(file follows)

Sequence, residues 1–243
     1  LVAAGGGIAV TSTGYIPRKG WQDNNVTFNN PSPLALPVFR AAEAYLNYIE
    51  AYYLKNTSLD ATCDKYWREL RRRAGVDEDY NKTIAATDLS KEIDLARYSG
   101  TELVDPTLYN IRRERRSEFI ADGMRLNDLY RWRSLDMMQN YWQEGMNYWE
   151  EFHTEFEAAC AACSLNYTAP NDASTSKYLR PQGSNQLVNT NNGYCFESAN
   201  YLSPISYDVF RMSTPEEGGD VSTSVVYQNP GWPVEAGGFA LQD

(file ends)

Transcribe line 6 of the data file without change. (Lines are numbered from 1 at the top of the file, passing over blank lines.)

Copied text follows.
   201  YLSPISYDVF RMSTPEEGGD VSTSVVYQNP GWPVEAGGFA LQD